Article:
Review: Palefire, Written by MK Reed, Illustrated by Farel

In my quest to wrap up my 2015 reading I’ve been
thinking about a book I received from Secret Acres earlier this year. On paper,
Palefire seems like a no-brainer. It’s a collaboration between MK Reed, a talented comics writer whose work I’ve seen (if not read), and Farel
Dalrymple right after completing 2014’s The
, a book that I really enjoyed.

 Palefire is 68
pages of perfect bound black and white comics about Alison, a teenager who is attracted to
Darren, her high school’s hothead and a firebug. The rest of the guys who seem
to like Allison are either potheads or jerks, and Darren seems to have
something about him that makes him stand out from the crowd. But after a party
goes south at a friend’s house, Alison gets more than she’s expecting from
Darren, and nearly gets burned up in the process.

Palefire is
classic Americana, and focuses on well-worn high school tropes; the sensitive
bad boy, the girl who is playing with fire but thinks she knows what she’s
doing, the “nice guy” who can never get the girl. These stereotypes are played
out to their natural conclusions in Palefire.
The book doesn’t necessarily have a nice tidy ending, a fact I enjoyed. But the book exists
as an examination of those classic stereotypes and does not transcend them. Because of the setting and the set up for the characters, Palefire is a comic that feels like it should be a 90’s romcom, but is suspiciously short on both romance and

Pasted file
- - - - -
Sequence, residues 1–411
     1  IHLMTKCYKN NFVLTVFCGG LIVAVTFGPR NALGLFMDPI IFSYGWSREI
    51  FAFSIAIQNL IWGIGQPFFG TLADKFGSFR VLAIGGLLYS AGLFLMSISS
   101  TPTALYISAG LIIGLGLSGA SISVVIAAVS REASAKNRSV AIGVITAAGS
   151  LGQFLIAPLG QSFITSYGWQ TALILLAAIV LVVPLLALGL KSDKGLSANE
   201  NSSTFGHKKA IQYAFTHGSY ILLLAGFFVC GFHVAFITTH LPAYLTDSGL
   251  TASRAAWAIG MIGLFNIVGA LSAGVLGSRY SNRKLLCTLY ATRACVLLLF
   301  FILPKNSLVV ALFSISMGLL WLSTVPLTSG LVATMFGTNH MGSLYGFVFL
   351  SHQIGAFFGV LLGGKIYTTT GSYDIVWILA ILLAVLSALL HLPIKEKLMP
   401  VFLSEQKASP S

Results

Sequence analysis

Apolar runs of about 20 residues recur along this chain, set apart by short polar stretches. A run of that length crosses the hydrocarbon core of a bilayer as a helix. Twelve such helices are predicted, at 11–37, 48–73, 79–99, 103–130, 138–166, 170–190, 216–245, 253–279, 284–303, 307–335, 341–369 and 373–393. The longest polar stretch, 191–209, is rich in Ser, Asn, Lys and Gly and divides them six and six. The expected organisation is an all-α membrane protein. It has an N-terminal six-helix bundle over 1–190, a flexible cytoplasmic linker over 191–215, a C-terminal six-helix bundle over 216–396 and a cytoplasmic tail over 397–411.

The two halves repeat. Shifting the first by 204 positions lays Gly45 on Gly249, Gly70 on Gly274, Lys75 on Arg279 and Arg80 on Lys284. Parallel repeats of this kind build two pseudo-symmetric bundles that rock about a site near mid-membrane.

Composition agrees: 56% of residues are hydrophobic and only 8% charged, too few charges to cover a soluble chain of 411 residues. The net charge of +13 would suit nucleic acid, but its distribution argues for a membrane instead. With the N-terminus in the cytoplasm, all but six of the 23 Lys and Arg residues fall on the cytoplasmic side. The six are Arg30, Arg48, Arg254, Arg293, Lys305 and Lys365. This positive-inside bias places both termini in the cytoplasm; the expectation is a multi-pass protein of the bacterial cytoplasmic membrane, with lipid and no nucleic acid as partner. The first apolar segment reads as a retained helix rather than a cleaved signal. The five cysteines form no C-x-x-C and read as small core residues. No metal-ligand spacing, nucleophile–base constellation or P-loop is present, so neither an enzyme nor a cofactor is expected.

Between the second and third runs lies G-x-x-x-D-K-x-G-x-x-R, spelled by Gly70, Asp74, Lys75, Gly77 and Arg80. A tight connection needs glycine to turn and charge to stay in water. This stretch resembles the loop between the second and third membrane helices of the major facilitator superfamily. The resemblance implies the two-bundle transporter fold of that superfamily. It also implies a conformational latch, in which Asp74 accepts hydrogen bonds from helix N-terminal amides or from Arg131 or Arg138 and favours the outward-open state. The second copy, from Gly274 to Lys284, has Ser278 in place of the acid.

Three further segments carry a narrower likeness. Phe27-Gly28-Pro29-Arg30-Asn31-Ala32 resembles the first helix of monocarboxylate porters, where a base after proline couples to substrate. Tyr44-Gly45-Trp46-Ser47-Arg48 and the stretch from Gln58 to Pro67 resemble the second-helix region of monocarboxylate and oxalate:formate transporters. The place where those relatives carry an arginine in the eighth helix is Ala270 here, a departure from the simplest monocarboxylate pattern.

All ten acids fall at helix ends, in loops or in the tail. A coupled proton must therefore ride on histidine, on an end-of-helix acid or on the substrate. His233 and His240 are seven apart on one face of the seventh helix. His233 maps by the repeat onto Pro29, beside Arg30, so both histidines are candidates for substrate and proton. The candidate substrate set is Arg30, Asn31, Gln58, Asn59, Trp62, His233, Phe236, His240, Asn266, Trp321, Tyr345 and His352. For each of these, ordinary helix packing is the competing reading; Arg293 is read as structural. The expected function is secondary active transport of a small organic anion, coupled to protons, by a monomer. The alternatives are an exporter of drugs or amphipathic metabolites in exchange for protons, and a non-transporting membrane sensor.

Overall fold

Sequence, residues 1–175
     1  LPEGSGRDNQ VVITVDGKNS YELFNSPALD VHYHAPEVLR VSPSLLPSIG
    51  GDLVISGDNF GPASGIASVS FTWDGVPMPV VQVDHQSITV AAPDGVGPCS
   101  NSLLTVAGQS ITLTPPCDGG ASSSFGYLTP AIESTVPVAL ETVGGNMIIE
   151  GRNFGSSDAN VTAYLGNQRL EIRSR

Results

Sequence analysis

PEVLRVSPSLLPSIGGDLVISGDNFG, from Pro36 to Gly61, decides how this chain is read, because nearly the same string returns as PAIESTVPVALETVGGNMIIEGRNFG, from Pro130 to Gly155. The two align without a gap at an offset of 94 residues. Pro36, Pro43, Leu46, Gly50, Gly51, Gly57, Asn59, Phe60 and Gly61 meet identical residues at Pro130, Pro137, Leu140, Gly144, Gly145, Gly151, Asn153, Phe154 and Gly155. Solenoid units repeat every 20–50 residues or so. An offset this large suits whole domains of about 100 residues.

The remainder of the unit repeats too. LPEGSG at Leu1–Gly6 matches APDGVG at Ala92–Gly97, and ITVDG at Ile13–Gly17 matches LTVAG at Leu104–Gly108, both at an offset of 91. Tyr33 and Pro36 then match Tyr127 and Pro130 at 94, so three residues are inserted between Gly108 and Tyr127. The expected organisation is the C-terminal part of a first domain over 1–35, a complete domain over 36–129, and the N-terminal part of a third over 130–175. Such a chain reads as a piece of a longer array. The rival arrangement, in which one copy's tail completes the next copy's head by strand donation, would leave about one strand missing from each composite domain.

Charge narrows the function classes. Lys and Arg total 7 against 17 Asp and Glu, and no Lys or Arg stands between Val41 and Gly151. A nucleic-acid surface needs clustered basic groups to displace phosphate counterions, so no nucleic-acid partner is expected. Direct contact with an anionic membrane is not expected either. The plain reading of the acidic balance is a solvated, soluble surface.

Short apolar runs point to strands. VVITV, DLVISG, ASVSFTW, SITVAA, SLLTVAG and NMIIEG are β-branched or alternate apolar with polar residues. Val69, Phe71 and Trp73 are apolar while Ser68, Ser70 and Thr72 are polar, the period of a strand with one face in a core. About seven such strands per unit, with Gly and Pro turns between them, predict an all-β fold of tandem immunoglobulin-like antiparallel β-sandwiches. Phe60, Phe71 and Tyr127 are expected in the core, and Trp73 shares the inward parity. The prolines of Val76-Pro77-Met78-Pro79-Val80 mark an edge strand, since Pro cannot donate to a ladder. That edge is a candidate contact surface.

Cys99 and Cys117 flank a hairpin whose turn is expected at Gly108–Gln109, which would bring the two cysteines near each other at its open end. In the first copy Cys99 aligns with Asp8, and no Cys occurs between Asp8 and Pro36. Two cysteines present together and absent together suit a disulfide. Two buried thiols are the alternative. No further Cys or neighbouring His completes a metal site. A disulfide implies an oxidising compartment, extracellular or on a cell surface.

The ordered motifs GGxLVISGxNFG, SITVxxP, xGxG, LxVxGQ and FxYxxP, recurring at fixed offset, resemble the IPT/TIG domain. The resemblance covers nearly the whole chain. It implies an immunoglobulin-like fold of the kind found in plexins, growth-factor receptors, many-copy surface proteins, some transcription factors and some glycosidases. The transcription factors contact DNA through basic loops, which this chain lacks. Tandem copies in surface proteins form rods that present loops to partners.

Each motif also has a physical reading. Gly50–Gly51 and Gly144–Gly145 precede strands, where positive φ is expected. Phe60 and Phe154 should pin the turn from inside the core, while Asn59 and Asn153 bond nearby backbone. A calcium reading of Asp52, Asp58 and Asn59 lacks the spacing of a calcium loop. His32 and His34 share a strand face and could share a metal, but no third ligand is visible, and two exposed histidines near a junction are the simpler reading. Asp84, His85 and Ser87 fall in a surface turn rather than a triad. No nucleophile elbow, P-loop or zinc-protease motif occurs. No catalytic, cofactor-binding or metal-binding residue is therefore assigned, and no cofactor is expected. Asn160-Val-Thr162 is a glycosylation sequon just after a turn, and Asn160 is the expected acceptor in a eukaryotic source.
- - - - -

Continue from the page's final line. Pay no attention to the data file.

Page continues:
comedy. I liked some of Reed’s dialogue, which had a great flow, and I like
that the characters don’t get a free pass to a fairytale ending. But Reed’s
script is beleaguered by its cast.

Outside of this comic, Dalrymple’s work is routinely focused
on the psychedelic and surreal; Dalrymple has a knack for that content, which
is why The Wrenchies and It Will All Hurt feel so strong. But
with Palefire, Dalrymple mostly stays on the straight and narrow. Clearly Dalrymple is a good draftsman, but his characters in Palefire are wooden and lifeless against the backdrop of a
summer night. 

Ultimately, Palefire doesn’t
have the spark of an artistic collaboration that is on the same wavelength.
Dalrymple and Reed feel disconnected,

and the illustration doesn’t sync up with the emotion of the story. That shows itself in the final work.
While some individual elements of the comic are well done, the book as a whole
misses the mark.

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